Will the New York Assembly pass the economic development reform?

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Since the Buffalo Billion scandal in 2016, government watchdog groups have tried to push through a selection of bills that would restore oversight and create more transparency around state economic development agreements.

“There are a number of different bills that would go a long way toward bringing some sense to a rather chaotic system of economic development,” said Ron Deutsch, director of New Yorkers for Fiscal Fairness. capital tonight. “Over the past decade, I would say we’ve been subject to what I like to call ‘economic development,’ where Governor Cuomo was really trying to take the reins of economic development programs and get things done in directions it benefited him and the people he wanted to benefit from.

Three bills in particular top the watchdog “to do” list, including:

  • ending state opportunity zone tax breaks
  • ending the inclusion of non-disclosure provisions in state or local economic development contracts
  • restore the supervisory powers of the State Comptroller

“A number (of bills) were recently passed by the Senate last week. So we’re really trying to see if the Assembly will move these bills in the few remaining days of the session,” Deutsch said.

There are only a handful of days left in the legislative session.

“Speed ​​is of the utmost importance here to get them through,” Deutsch said.

Both houses passed a bill that Deutsch called “low hanging fruit.” Empire State Development Transparency Bill A9622/S8419A will require Empire State Development to publicly post the list of community advisory meetings, agendas, and minutes on its website.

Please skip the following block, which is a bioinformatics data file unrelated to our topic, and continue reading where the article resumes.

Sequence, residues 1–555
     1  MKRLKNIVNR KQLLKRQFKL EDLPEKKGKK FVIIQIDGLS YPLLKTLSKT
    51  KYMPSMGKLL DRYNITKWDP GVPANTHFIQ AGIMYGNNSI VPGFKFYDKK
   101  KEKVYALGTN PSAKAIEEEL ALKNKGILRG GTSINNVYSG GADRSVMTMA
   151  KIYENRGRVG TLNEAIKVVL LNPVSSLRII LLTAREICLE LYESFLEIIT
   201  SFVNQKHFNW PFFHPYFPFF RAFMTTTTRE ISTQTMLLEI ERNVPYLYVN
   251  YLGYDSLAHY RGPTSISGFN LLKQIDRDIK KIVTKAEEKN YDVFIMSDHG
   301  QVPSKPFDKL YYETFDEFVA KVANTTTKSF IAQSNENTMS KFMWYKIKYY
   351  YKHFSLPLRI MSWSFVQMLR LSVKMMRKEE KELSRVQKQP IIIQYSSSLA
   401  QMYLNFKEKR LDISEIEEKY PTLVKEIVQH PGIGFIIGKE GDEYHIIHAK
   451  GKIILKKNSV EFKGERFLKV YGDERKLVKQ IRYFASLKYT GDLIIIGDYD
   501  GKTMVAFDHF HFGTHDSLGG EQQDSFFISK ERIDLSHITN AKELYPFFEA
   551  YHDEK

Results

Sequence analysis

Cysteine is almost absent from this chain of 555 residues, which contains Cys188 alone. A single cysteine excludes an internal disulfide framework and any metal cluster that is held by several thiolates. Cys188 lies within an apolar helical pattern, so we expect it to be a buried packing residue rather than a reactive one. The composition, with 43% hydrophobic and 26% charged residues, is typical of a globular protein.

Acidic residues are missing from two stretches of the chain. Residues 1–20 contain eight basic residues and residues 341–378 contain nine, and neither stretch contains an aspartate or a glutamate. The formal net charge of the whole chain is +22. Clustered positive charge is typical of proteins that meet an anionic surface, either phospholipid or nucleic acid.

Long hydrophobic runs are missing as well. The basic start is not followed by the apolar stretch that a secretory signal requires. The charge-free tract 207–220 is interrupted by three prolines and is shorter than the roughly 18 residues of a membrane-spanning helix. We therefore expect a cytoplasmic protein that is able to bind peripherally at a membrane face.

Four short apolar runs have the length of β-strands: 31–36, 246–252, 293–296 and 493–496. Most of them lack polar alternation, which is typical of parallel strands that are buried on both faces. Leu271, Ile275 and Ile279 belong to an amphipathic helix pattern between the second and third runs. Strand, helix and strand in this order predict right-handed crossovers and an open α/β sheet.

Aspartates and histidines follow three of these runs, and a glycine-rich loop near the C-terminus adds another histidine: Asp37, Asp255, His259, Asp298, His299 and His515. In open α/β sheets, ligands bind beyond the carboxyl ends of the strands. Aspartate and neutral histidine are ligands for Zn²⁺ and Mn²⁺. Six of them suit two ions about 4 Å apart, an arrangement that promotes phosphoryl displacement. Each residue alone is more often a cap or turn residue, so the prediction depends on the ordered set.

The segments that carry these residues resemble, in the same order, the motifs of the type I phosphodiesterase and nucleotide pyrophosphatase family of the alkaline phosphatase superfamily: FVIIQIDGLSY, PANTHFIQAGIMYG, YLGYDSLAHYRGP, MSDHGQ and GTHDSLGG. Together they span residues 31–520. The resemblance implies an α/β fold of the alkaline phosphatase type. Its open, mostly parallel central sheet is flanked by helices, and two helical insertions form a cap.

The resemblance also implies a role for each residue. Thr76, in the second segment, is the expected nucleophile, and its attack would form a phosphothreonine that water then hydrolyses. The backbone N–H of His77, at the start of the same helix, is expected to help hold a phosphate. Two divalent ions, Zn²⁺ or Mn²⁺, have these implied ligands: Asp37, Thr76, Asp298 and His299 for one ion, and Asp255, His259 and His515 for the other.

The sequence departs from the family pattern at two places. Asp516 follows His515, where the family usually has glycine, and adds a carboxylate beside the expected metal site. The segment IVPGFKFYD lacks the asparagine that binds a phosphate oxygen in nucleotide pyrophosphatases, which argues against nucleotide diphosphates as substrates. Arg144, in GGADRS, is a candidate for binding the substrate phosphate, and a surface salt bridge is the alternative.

Still pending Assembly passage is a bill that would end the State Opportunity Zone tax breaks (A8081A/S6800A). While the 2021 budget was supposed to end the tax relief, there is a loophole that Deutsch says could cost taxpayers $420 million a year starting in 2029.

“It’s a way for high net worth individuals to defer capital gains tax on their investment income,” Deutsch explained.

Another bill that the state Senate passed, but not the Assembly, would restore the comptroller’s review power over state contracts (A7925A/S6809A).

“It would restore the comptroller’s century-old power to verify and pre-verify contracts entered into by the state,” Deutsch said.

He continued.

“If the Comptroller had had that power at the time of the Buffalo bid-rigging scandal, he could have detected it early and prevented the waste of over a billion dollars.”

The legislative session is due to end on June 2.

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